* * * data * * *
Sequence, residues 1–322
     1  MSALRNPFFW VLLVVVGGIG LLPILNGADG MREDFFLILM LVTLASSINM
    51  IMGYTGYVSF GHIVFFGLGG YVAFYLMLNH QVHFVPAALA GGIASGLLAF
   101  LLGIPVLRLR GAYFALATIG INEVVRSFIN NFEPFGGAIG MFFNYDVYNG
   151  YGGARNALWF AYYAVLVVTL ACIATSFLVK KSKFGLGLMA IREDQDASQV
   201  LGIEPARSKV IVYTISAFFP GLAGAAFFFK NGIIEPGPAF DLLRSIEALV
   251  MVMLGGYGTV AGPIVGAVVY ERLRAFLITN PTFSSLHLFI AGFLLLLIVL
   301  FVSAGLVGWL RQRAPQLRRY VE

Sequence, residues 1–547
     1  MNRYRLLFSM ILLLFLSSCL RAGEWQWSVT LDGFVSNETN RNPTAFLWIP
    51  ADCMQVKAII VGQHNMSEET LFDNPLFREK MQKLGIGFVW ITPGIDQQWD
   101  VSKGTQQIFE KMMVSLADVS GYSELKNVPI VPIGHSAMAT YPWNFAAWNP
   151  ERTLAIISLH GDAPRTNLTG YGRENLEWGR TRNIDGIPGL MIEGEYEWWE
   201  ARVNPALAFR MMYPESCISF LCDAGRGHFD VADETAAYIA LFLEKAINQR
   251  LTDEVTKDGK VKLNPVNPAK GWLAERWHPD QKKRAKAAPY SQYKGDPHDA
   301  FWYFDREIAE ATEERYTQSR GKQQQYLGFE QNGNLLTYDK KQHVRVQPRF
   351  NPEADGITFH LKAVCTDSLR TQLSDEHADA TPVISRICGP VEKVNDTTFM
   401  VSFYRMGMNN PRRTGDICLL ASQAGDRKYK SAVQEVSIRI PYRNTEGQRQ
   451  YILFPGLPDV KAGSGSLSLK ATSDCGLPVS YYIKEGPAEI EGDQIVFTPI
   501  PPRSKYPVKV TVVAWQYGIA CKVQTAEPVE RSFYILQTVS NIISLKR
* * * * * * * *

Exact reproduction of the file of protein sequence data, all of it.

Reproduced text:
Sequence, residues 1–322
     1  MSALRNPFFW VLLVVVGGIG LLPILNGADG MREDFFLILM LVTLASSINM
    51  IMGYTGYVSF GHIVFFGLGG YVAFYLMLNH QVHFVPAALA GGIASGLLAF
   101  LLGIPVLRLR GAYFALATIG INEVVRSFIN NFEPFGGAIG MFFNYDVYNG
   151  YGGARNALWF AYYAVLVVTL ACIATSFLVK KSKFGLGLMA IREDQDASQV
   201  LGIEPARSKV IVYTISAFFP GLAGAAFFFK NGIIEPGPAF DLLRSIEALV
   251  MVMLGGYGTV AGPIVGAVVY ERLRAFLITN PTFSSLHLFI AGFLLLLIVL
   301  FVSAGLVGWL RQRAPQLRRY VE

Sequence, residues 1–547
     1  MNRYRLLFSM ILLLFLSSCL RAGEWQWSVT LDGFVSNETN RNPTAFLWIP
    51  ADCMQVKAII VGQHNMSEET LFDNPLFREK MQKLGIGFVW ITPGIDQQWD
   101  VSKGTQQIFE KMMVSLADVS GYSELKNVPI VPIGHSAMAT YPWNFAAWNP
   151  ERTLAIISLH GDAPRTNLTG YGRENLEWGR TRNIDGIPGL MIEGEYEWWE
   201  ARVNPALAFR MMYPESCISF LCDAGRGHFD VADETAAYIA LFLEKAINQR
   251  LTDEVTKDGK VKLNPVNPAK GWLAERWHPD QKKRAKAAPY SQYKGDPHDA
   301  FWYFDREIAE ATEERYTQSR GKQQQYLGFE QNGNLLTYDK KQHVRVQPRF
   351  NPEADGITFH LKAVCTDSLR TQLSDEHADA TPVISRICGP VEKVNDTTFM
   401  VSFYRMGMNN PRRTGDICLL ASQAGDRKYK SAVQEVSIRI PYRNTEGQRQ
   451  YILFPGLPDV KAGSGSLSLK ATSDCGLPVS YYIKEGPAEI EGDQIVFTPI
   501  PPRSKYPVKV TVVAWQYGIA CKVQTAEPVE RSFYILQTVS NIISLKR